Accountability: What's Growing in Your Garden?
By: Louise S. Dunn
Weeds - All I see are weeds! Where are the plants? I stand here surveying my work, all those hours planning, tilling, fertilizing, planting, and what do I have to show for it? Weeds. Weeds growing taller than the plants. Weeds overtaking the rows of carefully laid out plants. In some areas, I can't tell if there are any plants growing at all, it looks like all weeds.
As I drive to work I feel discouraged with my garden plot. Instead of dwelling on my weed-infested garden, I contemplate the day's activities waiting for me at work. But I just can't get the garden out of mind, and, come to think of it, work at the veterinary practice is just like my garden!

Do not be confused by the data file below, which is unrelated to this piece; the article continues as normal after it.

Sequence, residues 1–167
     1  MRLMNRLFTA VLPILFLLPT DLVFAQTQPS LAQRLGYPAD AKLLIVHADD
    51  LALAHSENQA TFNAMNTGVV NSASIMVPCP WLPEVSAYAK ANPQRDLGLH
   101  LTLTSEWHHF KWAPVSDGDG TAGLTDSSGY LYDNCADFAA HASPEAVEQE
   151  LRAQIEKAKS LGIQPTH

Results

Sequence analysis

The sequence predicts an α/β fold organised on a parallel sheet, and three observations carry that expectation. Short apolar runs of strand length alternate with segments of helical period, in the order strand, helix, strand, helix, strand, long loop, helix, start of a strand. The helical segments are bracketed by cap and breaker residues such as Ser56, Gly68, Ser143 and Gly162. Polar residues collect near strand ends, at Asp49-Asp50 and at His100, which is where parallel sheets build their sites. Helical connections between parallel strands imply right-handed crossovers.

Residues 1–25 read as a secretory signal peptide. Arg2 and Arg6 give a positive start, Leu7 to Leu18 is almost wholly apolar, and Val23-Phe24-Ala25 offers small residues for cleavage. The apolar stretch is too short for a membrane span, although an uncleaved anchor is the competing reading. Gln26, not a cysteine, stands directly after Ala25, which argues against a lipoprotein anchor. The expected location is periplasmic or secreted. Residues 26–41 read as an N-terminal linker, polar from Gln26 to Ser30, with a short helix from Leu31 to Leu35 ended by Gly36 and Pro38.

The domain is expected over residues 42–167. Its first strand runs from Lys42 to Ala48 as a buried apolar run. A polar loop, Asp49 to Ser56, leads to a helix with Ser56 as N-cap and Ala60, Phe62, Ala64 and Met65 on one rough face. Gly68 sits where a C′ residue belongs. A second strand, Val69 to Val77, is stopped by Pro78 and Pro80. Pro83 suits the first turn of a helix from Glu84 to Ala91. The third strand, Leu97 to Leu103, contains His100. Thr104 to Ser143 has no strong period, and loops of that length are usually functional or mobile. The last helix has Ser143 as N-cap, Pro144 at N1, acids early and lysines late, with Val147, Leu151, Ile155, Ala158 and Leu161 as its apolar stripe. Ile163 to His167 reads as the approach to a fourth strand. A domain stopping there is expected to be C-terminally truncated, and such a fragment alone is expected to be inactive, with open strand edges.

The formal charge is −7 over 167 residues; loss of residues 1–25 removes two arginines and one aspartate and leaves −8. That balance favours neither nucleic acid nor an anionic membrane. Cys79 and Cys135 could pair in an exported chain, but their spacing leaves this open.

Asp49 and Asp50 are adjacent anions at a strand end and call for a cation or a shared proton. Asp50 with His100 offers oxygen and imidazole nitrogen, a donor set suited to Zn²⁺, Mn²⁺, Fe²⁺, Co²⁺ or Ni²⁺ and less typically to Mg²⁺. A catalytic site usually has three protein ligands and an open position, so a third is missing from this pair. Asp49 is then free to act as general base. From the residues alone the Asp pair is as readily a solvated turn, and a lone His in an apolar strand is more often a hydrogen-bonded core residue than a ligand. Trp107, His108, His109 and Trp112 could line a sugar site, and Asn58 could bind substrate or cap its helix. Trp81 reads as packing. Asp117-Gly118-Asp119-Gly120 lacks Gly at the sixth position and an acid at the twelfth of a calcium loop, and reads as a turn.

The practice is a garden, you spend time and effort planning, analyzing, preparing, evaluating, assessing and harvesting. It seems that the practice can have weeds too, threatening the growth of the practice just like the weeds in the vegetable garden threaten the growth of the plants and the potential harvest!
WHAT'S GROWING IN YOUR PRACTICE?
What are the weeds in the veterinary hospital? Complacency, Tardiness, Inconsistency, Unengaged work force, Lack of responsibility and ownership - all of them weeds and all belonging to the genus of weeds I will call "Lackus of Accountabilitus." Cute name for a deadly weed sprouting in the practice.
Like the vegetable garden, the practice requires attention beyond the initial effort of starting a garden/practice. Daily attention to some basic tasks, or dare I call them gardening activities, can keep the weeds out. To prevent the overgrowth of Lackus of Accountabilitus one must consider the following: